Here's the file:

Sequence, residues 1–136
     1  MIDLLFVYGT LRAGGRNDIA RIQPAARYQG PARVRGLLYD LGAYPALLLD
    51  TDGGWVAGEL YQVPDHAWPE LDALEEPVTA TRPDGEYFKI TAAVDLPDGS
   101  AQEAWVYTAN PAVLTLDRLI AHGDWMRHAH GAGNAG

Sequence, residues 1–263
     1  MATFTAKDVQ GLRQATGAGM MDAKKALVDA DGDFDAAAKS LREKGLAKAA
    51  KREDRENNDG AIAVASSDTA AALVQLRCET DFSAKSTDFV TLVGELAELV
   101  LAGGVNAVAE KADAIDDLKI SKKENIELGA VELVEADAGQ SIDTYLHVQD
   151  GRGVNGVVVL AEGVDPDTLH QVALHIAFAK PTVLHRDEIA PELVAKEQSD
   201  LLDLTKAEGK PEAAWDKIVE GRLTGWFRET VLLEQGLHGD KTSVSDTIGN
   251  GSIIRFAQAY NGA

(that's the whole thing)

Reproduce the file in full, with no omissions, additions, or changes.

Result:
Sequence, residues 1–136
     1  MIDLLFVYGT LRAGGRNDIA RIQPAARYQG PARVRGLLYD LGAYPALLLD
    51  TDGGWVAGEL YQVPDHAWPE LDALEEPVTA TRPDGEYFKI TAAVDLPDGS
   101  AQEAWVYTAN PAVLTLDRLI AHGDWMRHAH GAGNAG

Sequence, residues 1–263
     1  MATFTAKDVQ GLRQATGAGM MDAKKALVDA DGDFDAAAKS LREKGLAKAA
    51  KREDRENNDG AIAVASSDTA AALVQLRCET DFSAKSTDFV TLVGELAELV
   101  LAGGVNAVAE KADAIDDLKI SKKENIELGA VELVEADAGQ SIDTYLHVQD
   151  GRGVNGVVVL AEGVDPDTLH QVALHIAFAK PTVLHRDEIA PELVAKEQSD
   201  LLDLTKAEGK PEAAWDKIVE GRLTGWFRET VLLEQGLHGD KTSVSDTIGN
   251  GSIIRFAQAY NGA